As you know, iFans: Mapping Kpop’s International Fandom is a study seeking to understand the attitudes of global fans of K-pop’s most successful groups. You can now view the results of the analysis of the survey data and an email interview with a fan of SNSD! Click here to view the What Fans Think section of the digital exhibit. Sad that you aren’t included? You can always take the email survey online here! C’mon, SONES, you are one of the biggest K-pop fandoms out there! Click the link and represent!
The Saturday Mini Survey (SMS) is a two-question survey based on current events in K-pop. It allows fans to see research results on K-pop a little bit faster. Today’s SMS is on collaborations in K-pop. Click on the link to take the survey!
Crystal S. Anderson, PhD
Anybody can ask some questions about your favorite K-pop group but scholarship involves a lot more. Enter the glamorous(?) world of K-pop fan research!
What is research?
That’s a good question. Most K-pop fans have taken polls asking for their opinion, but these are usually for market research or for fun. Academic research is different. The U.S. Department of Health and Human Services defines research as “a systematic investigation, including research development, testing and evaluation, designed to develop or contribute to generalizable knowledge.” There is a method to the madness, so the first thing that research involves is knowing the method. Some people work with quantitative methods (i.e. statistics), but I use qualitative methods (examining text in the form of responses and interviews) to explain what K-pop fans think about K-pop. In either case, you need to know what you are doing, and while a degree isn’t required, it helps. But long before the questions go up, you need a healthy dose of curiosity.
The Bright Idea
Some people look at K-pop and think nothing of it. However, I, as a researcher, wonder: Why do fans like K-pop? How do they support their groups? What do they get out of being a fan? As K-pop becomes more popular, news media and online commentators talk more and more about it. They find the whole phenomenon strange and make assumptions. For example, outlets like CNN talk about the groups and fans that support them as if they are all the same.
As a K-pop fan, though, I know those observations do not match what I see among K-pop fans. From my experience, I know that the groups are different. SHINee and Shinhwa may both be male groups, but they are different. I know the fandoms are different. Shawols are not like Shinhwa Changjos.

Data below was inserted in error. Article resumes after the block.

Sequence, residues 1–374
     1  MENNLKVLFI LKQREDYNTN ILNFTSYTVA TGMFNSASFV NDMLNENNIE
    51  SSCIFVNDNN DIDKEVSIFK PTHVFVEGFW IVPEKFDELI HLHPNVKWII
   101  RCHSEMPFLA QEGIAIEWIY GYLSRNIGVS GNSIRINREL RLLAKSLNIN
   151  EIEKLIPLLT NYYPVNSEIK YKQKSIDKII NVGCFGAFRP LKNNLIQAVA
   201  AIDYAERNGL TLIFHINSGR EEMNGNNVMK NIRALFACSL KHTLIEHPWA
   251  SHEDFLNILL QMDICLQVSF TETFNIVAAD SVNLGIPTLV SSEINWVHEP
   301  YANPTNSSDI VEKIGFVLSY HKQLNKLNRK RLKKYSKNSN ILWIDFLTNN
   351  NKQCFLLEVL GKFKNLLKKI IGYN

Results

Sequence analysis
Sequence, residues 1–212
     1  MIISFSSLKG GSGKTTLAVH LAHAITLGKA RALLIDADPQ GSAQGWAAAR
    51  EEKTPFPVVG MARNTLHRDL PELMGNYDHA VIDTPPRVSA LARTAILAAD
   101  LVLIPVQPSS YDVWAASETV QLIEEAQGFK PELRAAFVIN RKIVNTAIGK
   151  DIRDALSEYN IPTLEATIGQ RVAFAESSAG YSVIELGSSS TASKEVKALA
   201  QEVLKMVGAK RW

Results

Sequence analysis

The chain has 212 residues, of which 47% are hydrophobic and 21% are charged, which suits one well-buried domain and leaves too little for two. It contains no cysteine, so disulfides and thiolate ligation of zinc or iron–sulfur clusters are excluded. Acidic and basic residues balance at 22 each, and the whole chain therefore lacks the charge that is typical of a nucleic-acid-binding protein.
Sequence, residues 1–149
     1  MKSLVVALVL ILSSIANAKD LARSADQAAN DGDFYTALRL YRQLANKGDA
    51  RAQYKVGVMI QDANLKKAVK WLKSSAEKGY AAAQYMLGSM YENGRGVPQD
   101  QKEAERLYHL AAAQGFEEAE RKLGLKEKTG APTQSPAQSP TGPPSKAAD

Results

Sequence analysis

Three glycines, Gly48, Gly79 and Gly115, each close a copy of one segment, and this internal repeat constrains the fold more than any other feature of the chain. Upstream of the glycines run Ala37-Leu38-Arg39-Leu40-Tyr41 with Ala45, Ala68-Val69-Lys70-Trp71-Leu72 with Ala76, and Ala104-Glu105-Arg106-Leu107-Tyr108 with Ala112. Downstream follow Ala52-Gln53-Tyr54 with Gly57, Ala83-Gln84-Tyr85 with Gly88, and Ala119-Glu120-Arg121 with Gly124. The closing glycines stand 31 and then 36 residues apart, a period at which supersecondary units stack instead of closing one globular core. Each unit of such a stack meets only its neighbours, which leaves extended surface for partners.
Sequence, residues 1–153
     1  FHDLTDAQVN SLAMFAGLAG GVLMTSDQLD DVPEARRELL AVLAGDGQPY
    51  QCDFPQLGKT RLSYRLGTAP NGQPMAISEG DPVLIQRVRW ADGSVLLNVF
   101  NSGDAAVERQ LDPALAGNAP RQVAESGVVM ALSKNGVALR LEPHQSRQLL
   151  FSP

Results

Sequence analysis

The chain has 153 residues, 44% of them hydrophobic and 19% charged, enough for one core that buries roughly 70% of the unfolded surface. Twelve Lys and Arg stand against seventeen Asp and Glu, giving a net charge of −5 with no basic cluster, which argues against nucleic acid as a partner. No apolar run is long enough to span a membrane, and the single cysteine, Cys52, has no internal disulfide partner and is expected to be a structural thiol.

In addition, these outlets never talk about fan culture. I know that fans of SS501 know why Park Jung Min and Kim Hyung Joon are called Tom and Jerry. Shinhwa fans know who Mama Bird and Baby Bird are in the group. SHinee fans know what Onew Sangtae is. K-pop fandoms are wonderfully complicated so I wanted to explore how the fandoms are different and how they interact with one another, since they are a central part of the global spread of fandom.
But first, I needed to find out what had already been written on K-pop fans.
What Others Say
Research differs from opinion polls in that part of its purpose is to contribute to new knowledge. There is no need to do a research project if it’s already been done. You don’t want to look like a boob saying something that’s already been said. I found that there were a few studies on K-pop fans, but they focused on K-pop fans in East Asian countries, and they didn’t address the unique nature of individual fandoms (see Sung Jung, Korean Masculinities and Transcultural Consumption: Yonsama, Rain, Oldboy, K-pop Idols). For example, Shu-han Chiou did research for a master’s thesis which identified fans as “devotee, insider, intermediate of devotee-insider, and low-consumption-and-self-centered.” No K-pop fan talks about themselves that way. You are a A+ (fan of MBLAQ) or a SONE (fan of SNSD). People also form online fan communities that support multiple groups, like DongBangBLAQ (fans of TVXQ and MBLAQ), f(snsd) (fans of f(x) and SNSD), TripleKISS (fans of SS501 and UKISS) and SuperGeneration (fans of Super Junior and SNSD).
Once I got the lay of the scholarly land, it was time to develop the study!
Just Do It!
The iFans project was born! I developed a series of surveys where fans could talk about their perspectives about being a fan and promoted them on the KPK site as well as social media such as Twitter and Facebook.
Then, I waited. In order to study the data, you have to collect the data and you need to collect enough data to form valid conclusions. You wait for people to share the survey with their friends (hint, hint). In this way, part of the research is beyond your control.
You also may have to tweak your survey instrument. Sometimes a link doesn’t work. Sometimes you see you can get information in a more effective way, like providing text boxes for answers rather than having respondents list answers in just one big text box.
At some point, you get enough data to work with. Analyzing the data is the most unglamorous part of research, but it’s also the most exciting. It means reading each and every response and finding patterns in what people say. For example, the iFans general Case Studies survey had over 300 respondents, but generated hundreds of statements to analyze.